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Ethical Comparison - Toothpa‍‍‍ste


‍‍‍Having clean teeth is much more important for dental ‍‍‍health reasons than for the sake of cosmetics. Toothpastes marketed on the basis of their visual effect, such as whitening and smokers’ products, should be approached with caution, as they can often contain abrasives. Alongside health worries about excessive fluoride ingestion, other ingredients to look out for are sodium lauryl sulphate and triclosan, both of which have been a source of recent controversy.

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Since fl‍‍‍uoride toothpaste came onto the market in the 1970s, tooth decay rates have fallen by 75 per cent. However, there are associated health concerns. Over-exposure to fluoride can lead to fluorosis, with flu-like symptoms and possible links to future thyroid problems, so manufacturers warn against ingestion of toothpaste, particularly for children. However, the amount of fluoride in toothpaste has not been proven to pose a serious health risk, and the benefits of healthy teeth are usually thought to outweigh any potential problems. Readers concerned about their fluoride intake, particularly the 10 per cent of the British population who live in areas where the water is fluoridated, can choose fluoride-free toothpastes such as Green People, Kingfisher, Tom’s of Maine or the appropriate Weleda brand.

Other ‍‍‍ingredients

Many toothpastes contain sodium lauryl sulphate‍‍‍ (SLS), a synthetic foaming agent. Some experts have raised concerns about this ingredient, saying that it is a suspected gastro-intestinal or liver toxicant. Others point to the fact that it has been associated with recurrent mouth ulcers. It is also an industrial-strength detergent, so many people may want to think twice before putting it in their mouths. However, a small application for a short period followed by a thorough rinsing Toothpaste should be harmless for most people.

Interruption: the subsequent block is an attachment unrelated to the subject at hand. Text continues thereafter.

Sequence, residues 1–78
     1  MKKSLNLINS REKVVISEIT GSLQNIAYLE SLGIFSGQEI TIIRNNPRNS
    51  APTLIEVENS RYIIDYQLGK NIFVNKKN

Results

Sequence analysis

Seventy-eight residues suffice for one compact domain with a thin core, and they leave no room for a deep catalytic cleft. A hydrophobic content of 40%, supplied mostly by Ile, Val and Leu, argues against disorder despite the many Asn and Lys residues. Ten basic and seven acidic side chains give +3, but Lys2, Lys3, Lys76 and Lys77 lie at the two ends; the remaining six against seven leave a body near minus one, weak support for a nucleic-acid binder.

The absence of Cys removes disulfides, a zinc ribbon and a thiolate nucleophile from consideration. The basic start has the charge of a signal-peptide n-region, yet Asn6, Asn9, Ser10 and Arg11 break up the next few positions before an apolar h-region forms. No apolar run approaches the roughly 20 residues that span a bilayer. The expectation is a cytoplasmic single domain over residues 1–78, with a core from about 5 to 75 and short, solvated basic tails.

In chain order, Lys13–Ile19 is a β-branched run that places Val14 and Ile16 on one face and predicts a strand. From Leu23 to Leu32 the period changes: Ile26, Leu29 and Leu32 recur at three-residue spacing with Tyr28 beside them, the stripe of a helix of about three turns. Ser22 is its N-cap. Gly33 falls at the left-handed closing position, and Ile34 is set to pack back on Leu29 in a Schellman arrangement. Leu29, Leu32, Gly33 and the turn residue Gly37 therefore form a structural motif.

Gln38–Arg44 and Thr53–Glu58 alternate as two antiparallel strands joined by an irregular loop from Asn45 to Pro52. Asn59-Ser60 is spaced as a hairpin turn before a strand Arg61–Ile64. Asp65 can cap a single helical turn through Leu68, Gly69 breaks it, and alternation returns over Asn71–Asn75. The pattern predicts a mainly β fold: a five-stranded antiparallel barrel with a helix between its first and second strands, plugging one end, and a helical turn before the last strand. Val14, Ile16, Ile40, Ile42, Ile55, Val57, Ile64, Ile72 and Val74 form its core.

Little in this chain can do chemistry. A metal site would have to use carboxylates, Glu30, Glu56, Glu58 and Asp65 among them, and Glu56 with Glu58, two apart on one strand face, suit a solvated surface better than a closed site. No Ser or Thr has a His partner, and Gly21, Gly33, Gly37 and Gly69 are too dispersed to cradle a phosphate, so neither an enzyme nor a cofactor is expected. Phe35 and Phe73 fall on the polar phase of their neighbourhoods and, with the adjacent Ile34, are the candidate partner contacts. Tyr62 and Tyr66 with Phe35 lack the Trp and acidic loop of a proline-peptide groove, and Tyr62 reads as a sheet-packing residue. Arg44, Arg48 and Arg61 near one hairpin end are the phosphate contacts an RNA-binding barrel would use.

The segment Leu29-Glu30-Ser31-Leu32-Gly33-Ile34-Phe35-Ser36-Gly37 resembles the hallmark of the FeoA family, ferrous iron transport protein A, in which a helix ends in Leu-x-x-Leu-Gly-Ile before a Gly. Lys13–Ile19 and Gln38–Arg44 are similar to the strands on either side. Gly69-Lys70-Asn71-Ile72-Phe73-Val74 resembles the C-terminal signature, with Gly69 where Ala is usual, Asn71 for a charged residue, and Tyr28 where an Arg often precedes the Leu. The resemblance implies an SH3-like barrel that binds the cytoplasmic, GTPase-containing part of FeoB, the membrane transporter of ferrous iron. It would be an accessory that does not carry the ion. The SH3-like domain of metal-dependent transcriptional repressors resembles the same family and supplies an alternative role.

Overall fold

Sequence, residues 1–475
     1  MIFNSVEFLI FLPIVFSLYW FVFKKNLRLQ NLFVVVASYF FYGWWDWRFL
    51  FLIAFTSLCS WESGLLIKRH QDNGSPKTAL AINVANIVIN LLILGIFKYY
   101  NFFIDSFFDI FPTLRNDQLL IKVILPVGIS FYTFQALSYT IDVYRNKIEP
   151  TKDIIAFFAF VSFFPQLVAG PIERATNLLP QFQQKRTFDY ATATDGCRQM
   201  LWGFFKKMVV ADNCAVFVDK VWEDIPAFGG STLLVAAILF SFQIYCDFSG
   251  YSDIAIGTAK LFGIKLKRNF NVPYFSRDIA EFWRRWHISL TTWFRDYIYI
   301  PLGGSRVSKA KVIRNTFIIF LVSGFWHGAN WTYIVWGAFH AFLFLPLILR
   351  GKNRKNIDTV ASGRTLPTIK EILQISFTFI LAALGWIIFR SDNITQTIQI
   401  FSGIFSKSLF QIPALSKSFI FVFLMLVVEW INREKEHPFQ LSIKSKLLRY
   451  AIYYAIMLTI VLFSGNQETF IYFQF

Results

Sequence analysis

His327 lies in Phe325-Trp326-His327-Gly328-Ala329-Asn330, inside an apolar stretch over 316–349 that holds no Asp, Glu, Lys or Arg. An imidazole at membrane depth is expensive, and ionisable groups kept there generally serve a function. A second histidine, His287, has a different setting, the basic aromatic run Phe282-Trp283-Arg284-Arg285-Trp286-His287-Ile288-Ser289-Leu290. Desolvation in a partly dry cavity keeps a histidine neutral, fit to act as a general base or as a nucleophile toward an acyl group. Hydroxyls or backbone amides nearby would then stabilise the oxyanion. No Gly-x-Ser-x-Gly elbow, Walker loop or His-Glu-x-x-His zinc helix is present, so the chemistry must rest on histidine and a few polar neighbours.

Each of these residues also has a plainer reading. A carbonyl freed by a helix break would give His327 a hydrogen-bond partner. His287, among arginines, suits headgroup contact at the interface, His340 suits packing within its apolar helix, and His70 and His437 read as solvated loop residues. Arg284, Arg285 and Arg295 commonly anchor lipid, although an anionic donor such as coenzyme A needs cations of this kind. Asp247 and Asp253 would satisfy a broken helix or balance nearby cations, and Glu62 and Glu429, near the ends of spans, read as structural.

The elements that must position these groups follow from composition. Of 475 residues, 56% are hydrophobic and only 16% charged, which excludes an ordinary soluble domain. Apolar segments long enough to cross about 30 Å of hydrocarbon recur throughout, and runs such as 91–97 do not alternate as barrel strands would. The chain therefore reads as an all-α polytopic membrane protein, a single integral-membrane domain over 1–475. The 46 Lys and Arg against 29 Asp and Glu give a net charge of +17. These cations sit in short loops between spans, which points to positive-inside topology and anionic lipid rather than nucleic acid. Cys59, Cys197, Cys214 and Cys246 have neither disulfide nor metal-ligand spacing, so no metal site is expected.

For those with a recurring mouth ulcer problem, Green People and Weleda toothpastes are SLS-free. Triclosan (which may also be listed under CH 3635, Irgasan Ch 3635 or Ster-Zac) is an antibacterial agent which has caused controversy because it may increase the growth of superbugs, although it has not been shown to be dangerous for human health.

All toothpastes list the active ingredients, so levels of triclosan and fluoride salts present in the paste should always be found on the packet. Toothpaste brands which contain triclosan include Colgate, Crest, Mentadent P, Sensodyne F and Macleans. Other brands marketing themselves as ‘antibacterial’ may also contain triclosan.


Most toothpastes now come in plastic tubes, and several in pump dispensers. Some still come in the traditional aluminium tube. Tom’s of Maine says that its aluminium tube, lined with food-grade plastic, can be recycled along with aluminium cans. Kingfisher Natural Toothpaste is packed in boxes manufactured from recycled cardboard and its tubes are made from biodegradable cellulose.

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‍‍‍We have created ethical comparison rankings for the following brands, based on the activities of the company group (see above‍‍‍ tables): Green People, Kingfisher, Tom’s of Maine, Weleda, Thursday Plantation, Sarakan, Nelson, Dabur, Pearl Drops, Arm & Hammer, Mentadent P, Colgate, Euthymol, Oral B, Crest, Aquafresh

Disclosure:  Some of the links above are affiliate links, meaning we earn commission if you click through and make a purchase. Placement and use of these links has no bearing in terms of the ethical scores that we give to a brand.  All commission earned by The Good Shopping Guide is re-invested into the research carried out by The Ethical Company Organisation.



Ethical alte‍‍‍rnatives

‍‍‍‍‍‍Dabur is an ayurvedic brand and made according to ‍‍‍ancient Hindu principles. If you wish to join the 6 per cent of the population who don’t use toothpaste at all, experiment with sea salt, soot, chalk or bicarbonate of soda.